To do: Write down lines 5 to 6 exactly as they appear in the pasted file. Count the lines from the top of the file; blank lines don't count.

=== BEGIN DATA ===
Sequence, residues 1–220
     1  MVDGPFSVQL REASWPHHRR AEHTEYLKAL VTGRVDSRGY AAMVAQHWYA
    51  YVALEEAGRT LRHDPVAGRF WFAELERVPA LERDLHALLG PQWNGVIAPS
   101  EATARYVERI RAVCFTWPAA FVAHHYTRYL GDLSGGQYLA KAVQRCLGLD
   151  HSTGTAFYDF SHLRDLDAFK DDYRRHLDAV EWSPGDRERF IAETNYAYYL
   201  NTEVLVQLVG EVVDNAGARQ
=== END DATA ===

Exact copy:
   151  HSTGTAFYDF SHLRDLDAFK DDYRRHLDAV EWSPGDRERF IAETNYAYYL
   201  NTEVLVQLVG EVVDNAGARQ